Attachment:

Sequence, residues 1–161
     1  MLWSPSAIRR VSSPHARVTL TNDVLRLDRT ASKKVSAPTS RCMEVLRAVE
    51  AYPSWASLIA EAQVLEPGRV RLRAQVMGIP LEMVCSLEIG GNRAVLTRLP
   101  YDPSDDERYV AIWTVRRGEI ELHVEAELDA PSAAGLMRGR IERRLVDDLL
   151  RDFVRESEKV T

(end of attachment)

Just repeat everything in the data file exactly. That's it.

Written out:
Sequence, residues 1–161
     1  MLWSPSAIRR VSSPHARVTL TNDVLRLDRT ASKKVSAPTS RCMEVLRAVE
    51  AYPSWASLIA EAQVLEPGRV RLRAQVMGIP LEMVCSLEIG GNRAVLTRLP
   101  YDPSDDERYV AIWTVRRGEI ELHVEAELDA PSAAGLMRGR IERRLVDDLL
   151  RDFVRESEKV T